‘All unnecessary,’ say the monetarists. ‘Not only unnecessary, but positively dangerous. Stabilisation policies destabilise. Leave it alone.’ Laissez-faire rides again! It is, of course, true that policies have often failed – but they were introduced because the alternative of no policy was predicted to be worse. It is also observably true that ‘there is in operation ... a law of the deterioration of British economic policies,’ to quote Sidney Pollard. But what follows from that? That we should be attempting to improve the policies and their implementation – or that laissez-faire, which is just as much a policy as interventionism, will also deteriorate?
We can hardly ever know for certain. But we can look about us. Andrew Shonfield, in the sadly truncated sequel to his excellent Modern Capitalism, does so. Observing and analysing the major economies since the war, he argues that there is no natural mechanism at work to determine the overall level of economic activity. Fortunately for us, the really successful market economies – Japan, Western Germany, France and their numerous economic satellites – do not believe there is either. Their policies have been highly interventionist: their overall management of both demand and supply factors has done rather well. Recently, their performance has, of course, somewhat ‘deteriorated’ – could that be a result of the widespread adoption of monetarist policies? What a treasonable thought! Fortunately for them, they are still far behind us in the flight into monetarist arm’s-length policies. In the long post-war search for arm’s-length policies, the UK leads the way. First, we had detailed overall planning and controls; then built-in (i.e. non-discretionary) buffers in the form of large public spending; then built-in stabilisers in our incremental taxation and spending arrangements; then the move away even from interventionist Bank of England policies, so that credit could be created and allocated by market forces. All that remains, a failure for which Professor Friedman castigates us, is ‘to set the monetary dials on automatic pilot, and go away’. As Sir Ian says, monetarism takes the politics out of economics (and intends to do so) and thereby takes the politics out of politics too.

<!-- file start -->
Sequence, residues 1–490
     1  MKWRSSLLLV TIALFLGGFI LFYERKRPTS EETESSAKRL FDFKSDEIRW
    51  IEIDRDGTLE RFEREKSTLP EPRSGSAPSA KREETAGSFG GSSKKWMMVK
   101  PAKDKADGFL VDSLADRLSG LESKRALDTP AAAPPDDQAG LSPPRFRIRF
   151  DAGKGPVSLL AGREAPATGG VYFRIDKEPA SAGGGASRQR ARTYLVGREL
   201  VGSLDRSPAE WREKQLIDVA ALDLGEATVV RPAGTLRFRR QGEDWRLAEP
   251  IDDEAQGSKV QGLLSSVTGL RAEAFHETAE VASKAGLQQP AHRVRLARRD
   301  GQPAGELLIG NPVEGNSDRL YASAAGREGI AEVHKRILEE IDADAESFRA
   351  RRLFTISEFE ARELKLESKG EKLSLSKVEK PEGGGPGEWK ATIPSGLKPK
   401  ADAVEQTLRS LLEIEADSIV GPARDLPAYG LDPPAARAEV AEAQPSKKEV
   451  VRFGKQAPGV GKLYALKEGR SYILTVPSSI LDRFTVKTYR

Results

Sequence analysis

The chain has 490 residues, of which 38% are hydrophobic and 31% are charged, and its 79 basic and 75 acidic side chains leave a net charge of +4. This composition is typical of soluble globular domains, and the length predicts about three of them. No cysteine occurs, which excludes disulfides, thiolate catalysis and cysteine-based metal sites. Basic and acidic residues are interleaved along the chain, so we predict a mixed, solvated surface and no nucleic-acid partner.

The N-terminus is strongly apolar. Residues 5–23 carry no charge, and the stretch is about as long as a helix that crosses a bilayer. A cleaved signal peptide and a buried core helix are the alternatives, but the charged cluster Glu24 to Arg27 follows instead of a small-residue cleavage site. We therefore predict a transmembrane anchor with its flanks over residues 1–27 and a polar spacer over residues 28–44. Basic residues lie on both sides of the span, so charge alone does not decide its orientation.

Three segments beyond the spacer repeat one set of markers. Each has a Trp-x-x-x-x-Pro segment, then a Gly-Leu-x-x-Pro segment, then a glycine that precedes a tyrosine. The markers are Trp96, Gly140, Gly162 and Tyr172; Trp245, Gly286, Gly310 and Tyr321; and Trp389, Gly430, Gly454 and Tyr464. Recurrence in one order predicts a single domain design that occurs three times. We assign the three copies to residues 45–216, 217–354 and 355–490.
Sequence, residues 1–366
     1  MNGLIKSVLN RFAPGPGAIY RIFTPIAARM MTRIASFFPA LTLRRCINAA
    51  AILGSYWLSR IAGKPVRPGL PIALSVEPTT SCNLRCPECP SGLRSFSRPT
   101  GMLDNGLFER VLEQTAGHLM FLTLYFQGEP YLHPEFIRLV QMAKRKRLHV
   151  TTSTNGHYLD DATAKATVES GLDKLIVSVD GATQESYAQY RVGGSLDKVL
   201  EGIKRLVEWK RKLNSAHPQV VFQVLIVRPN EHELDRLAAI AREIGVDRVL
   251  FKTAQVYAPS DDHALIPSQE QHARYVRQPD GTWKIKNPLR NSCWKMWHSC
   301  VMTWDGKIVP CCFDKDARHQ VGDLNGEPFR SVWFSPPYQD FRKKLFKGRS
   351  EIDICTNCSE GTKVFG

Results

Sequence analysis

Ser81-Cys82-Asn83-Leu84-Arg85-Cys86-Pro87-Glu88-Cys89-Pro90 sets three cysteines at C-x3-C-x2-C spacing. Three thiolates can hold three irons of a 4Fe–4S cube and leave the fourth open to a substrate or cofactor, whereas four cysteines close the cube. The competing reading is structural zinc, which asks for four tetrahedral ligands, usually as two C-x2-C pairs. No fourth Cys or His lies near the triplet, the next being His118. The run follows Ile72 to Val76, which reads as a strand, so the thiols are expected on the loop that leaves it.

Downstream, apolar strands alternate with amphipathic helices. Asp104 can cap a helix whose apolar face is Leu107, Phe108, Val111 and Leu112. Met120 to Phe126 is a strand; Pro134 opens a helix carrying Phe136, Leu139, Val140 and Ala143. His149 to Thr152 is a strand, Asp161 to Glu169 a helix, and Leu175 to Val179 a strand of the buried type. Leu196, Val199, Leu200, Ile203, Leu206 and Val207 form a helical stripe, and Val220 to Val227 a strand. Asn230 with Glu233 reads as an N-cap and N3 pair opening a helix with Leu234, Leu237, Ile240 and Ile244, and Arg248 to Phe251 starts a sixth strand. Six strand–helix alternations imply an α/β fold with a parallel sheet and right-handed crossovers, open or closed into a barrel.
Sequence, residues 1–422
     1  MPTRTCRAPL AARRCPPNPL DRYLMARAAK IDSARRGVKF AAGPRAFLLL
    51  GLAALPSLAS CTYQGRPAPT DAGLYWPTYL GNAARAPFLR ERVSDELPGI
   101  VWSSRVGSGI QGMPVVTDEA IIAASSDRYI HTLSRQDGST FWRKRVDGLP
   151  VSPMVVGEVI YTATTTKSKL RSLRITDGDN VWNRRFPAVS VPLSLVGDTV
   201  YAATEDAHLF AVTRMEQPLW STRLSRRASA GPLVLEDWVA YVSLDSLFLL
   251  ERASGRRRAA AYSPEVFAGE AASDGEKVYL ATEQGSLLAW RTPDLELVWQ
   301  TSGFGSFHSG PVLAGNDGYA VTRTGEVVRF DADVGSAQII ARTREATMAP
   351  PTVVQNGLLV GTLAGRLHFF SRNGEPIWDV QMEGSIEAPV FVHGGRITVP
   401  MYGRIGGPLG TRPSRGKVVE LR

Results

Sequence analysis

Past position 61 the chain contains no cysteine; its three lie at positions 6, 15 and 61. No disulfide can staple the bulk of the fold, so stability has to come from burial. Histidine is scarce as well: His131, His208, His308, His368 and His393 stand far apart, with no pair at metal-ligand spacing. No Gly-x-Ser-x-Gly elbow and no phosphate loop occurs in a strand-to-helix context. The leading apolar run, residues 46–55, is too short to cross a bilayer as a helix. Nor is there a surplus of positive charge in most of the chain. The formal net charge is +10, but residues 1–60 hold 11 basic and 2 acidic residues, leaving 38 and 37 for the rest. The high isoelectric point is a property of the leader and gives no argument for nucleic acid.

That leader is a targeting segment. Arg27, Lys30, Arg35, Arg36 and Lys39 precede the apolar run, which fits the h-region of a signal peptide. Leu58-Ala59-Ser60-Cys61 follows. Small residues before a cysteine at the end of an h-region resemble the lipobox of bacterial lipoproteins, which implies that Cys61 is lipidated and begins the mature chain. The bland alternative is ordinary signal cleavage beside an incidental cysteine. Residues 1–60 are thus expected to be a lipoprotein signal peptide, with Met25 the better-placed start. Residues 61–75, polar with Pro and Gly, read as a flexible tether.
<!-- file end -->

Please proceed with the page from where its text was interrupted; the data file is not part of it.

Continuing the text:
Which leads us to an even more important question than ‘What is Monetarism?’ That is, who are the monetarists? This is not a question for economists to try to answer. It is one for sociologists, or psychologists, or perhaps psychiatrists. Neither Sir Ian nor your reviewer is one of these. And perhaps Sir Ian is too much of a gentleman to stoop to ask it. His loyalty – ill-repaid, one might think – to his party is so deep and strong that he does not mention the Prime Minister at all, and Sir Geoffrey is quoted less often than Lenin or Stalin. But I am prepared to ask the question, for it is a vital one.